OCR Interpretation


The day book. (Chicago, Ill.) 1911-1917, September 24, 1914, LAST EDITION, Image 19

Image and text provided by University of Illinois at Urbana-Champaign Library, Urbana, IL

Persistent link: http://chroniclingamerica.loc.gov/lccn/sn83045487/1914-09-24/ed-1/seq-19/

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"Hardly," answered Singleton.
"However suppose you take your
watch to Stephen and let him regu
late it. Arrange to call for it at 5:15
the store doesn't dose till six, I
suppose?"
"It remains open till nine. But, Mr.
Singleton, your suggestion is impos
sible. The watches are attended to
by Mr. Sampson, the jeweler. All
Stephen does is to take them to him
and"
"At 5":15," said Singleton, "and not
a moment later. I have to run up to
town now, but I will meet you out-
" side the shop at that time. You will
assume not to know me. Good-day,
sir. Good-day, madam."
"And that," said Mary Harrington
bitterly, "is the wonderful mind of a
great detective. We shan't see him
again. It is absurd about the bomb,
dear. Why, don't you remember how
fussy James was? He always looked
inside his watch after it came back
to him."
"Well, Fir have to keep the ap
pointment, I suppose," answered her
husband.
The day arranged was five ahead.
At the appointed hour Charles Har
rihgton duly met Singleton outside
the jeweler's shop. He accosted him,
but Singleton only stared at him
blankly.
"I am afraid you have the advan
tage of me, sir," he answered.
Charles remembered and went in.
Singleton, following, saw a . pale
faced, meager-looking man, with a
furtive expression, standing behind
the counter.
"Well, I've got your watch ready,
Charley," he said, and, opening a
drawer, he handed it to him. "What
can I do for you, sir?" he continued
t6 the detective.
The detective took the watch from
Charles Harrington's hands.
"That is a curious old watch," he
' said. "It is a real antique. I am a
collector and am naturally interested
in antiquities. It seems to be In the
blood. My great-grahdfather shipped
a cargo of valuable pearl oysters
once from Ceylon In the days when
the electric telegraph had not been
invented, and speaking of that, they
say the Morse code "
Stephen Barnes was staring at him
in indisputable panic. "Wh what is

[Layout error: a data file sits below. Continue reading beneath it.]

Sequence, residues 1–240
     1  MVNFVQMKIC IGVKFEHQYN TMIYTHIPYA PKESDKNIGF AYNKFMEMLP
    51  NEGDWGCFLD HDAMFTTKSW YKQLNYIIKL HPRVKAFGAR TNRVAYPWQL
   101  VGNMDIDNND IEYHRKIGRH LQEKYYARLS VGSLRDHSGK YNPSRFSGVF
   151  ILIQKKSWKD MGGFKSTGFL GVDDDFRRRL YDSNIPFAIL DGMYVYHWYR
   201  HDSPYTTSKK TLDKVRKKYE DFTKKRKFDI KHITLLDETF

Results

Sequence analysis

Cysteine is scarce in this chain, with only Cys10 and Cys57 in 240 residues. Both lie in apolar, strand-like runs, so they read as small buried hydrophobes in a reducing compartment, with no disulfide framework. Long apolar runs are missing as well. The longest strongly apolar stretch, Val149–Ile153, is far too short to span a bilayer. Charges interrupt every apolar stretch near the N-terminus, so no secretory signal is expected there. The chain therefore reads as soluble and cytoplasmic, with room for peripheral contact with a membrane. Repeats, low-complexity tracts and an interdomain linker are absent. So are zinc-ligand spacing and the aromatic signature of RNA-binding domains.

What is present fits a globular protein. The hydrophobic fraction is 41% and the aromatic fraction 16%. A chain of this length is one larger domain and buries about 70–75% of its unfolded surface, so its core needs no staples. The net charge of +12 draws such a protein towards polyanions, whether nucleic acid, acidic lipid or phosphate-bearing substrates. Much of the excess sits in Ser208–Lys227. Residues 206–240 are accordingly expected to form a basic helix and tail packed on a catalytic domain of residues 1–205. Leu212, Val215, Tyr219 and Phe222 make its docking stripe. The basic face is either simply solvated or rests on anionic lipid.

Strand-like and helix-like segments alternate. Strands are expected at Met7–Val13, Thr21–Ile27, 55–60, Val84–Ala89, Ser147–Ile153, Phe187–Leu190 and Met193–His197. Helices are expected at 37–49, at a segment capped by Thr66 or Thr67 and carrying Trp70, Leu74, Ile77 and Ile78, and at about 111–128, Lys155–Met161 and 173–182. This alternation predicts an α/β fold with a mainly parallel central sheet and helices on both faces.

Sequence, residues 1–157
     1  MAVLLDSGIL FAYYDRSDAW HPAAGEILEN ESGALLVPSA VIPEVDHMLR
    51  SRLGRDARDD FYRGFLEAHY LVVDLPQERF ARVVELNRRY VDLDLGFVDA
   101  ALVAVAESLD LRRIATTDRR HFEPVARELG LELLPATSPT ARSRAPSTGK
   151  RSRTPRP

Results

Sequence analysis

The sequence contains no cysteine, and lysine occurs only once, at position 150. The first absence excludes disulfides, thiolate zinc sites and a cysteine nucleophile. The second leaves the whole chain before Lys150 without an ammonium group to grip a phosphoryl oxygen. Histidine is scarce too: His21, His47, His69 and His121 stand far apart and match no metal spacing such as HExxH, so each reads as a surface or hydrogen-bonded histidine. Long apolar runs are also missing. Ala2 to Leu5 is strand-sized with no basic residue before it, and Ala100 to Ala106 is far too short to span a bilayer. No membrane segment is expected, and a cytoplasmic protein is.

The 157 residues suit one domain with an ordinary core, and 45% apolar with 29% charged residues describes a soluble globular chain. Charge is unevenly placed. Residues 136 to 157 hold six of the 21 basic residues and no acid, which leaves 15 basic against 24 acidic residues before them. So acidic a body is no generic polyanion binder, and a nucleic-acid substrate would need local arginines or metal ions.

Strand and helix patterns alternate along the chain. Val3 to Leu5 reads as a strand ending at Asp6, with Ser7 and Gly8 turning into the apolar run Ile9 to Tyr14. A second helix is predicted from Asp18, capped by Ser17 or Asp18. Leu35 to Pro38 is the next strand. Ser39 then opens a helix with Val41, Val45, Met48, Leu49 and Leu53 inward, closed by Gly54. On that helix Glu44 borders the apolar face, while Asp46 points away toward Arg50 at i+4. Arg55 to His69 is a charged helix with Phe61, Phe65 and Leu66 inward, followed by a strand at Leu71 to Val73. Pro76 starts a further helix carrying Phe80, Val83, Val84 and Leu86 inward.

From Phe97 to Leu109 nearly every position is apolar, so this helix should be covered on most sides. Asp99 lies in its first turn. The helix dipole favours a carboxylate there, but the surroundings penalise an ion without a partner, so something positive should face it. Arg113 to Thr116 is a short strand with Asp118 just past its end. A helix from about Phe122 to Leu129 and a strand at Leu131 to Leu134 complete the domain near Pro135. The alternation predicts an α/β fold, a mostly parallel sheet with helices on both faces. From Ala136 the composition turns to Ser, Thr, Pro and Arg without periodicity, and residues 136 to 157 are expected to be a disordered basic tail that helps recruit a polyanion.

it you want?" he stammered.
"I was saying," pursued the detec
tive blandly, "that the telegraph is, a
wonderful invention. Who would
have thought that the telephone,
with its adjustments that make it "
"Charley," burst out Stephen, "I
forgot something. Will you let me
keep your watch till tomorrow? I
er "
The clocks in the shop pointed to
20 minutes past the hour.
Singleton laid the watch down on
the counter, but kept his hand over
it. Stephen grabbed at it, and Single
ton grabbed Stephen by the collar.
"Game's up," he said briefly. With
the other hand he turned the Watch
over, "Hold him, Mr. Harrington, un
til I stop the Infernal thing," he said.
"What's the trouble?" inquired the
jeweler, entering.
"Your assistant is a murderer;.sir,"
said Singleton. "Don't let hTm kill
himself, Mr. Harrington. You see, sir,
he killed two men and Was planning
to kill the third." , . '"
He opened the case d stopped
the watch, twisting the handspring
into a mass of tangled wh;e. Then he
opened the glass.
"Look at the minute hand," he
said to the jeweler.
"It looks kind of dirty," said the old
man. "But what what "
"What is it? Fulhiinate of iodide,
and the most violent explosive
known. In four minutes this tiny
mass pasted under the minute hand
would have caught the hour hand,
and then well, you can guess what
would have happened. But the cun
ningest murderer always leaves a
trail, and he left his in the fact that
his two victims died when the hands
were together. I'll take this as evi
dence "
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